There will be important changes to Norway’s controversial salmon tax proposal, a senior member of the Labour-Centre coalition has said.
Geir Pollestad from the Centre Party and a member of the Parliamentary Standing Committee on Finance and Economic Affairs said, in an interview with the newspaper Dagbladet, that the government would approach the issue with an open mind.
He said the tax will be different from what was first presented last September.
Asked by Dagbladet if the changes would be significant, he replied: “Yes, that is for sure. We have said many times that the listening is real. There are things that have not been fully decided. There will be changes and we go into this with an open mind.”
He confirmed that the original – and highly unpopular – standard rate was now off the table, adding that the decision to follow the Nasdaq price was not a good idea.
The salmon or “ground rent” tax plan has created a political storm in Norway with salmon companies cancelling or postponing investment projects worth billions of kroner.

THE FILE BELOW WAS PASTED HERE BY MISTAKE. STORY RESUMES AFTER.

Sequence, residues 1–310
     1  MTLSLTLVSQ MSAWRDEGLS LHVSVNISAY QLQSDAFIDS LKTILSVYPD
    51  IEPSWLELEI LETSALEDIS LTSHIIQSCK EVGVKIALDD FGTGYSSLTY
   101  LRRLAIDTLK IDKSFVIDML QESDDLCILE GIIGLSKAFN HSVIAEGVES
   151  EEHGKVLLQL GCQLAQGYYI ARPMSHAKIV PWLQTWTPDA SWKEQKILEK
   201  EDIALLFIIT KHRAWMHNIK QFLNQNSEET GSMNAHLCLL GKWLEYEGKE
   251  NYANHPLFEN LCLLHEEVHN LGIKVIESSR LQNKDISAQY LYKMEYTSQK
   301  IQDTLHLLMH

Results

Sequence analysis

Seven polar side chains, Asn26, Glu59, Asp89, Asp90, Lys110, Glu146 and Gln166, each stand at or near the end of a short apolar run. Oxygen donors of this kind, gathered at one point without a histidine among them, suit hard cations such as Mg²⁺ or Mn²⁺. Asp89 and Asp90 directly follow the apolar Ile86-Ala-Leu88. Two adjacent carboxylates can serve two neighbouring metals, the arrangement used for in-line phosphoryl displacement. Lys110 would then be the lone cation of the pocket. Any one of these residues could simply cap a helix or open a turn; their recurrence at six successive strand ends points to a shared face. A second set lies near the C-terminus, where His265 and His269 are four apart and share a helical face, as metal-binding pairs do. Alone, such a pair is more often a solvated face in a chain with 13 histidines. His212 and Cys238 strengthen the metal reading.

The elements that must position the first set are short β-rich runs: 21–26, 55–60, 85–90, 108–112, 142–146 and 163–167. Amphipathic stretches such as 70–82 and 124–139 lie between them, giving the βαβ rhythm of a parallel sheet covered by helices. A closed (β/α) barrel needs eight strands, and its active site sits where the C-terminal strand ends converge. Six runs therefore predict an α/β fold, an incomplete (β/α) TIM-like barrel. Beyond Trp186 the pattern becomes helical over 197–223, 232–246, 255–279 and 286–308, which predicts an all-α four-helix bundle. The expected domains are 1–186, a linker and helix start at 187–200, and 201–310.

Both Labour and the Centre Party, which are governing in coalition, have come under considerable pressure to make changes, some of it from within their own ranks.
Pollestad said: “We want to have a value determination that captures the right price for the salmon, not one that makes people have to pay taxes for income they don’t have. We want the right value determination and one which is not too bureaucratic.”
Sigrun Wiggen Prestbakmo, the Mayor of Salangen in Troms and Finnmark County, and a senior member of the Centre party, told Dagenbladet the paper that she felt more positive after new signals from the government.
She added: “There are so many powerful forces that would very much like to drain this industry of resources – too many people who think this is an industry that only drives Ferraris and smokes cigars.”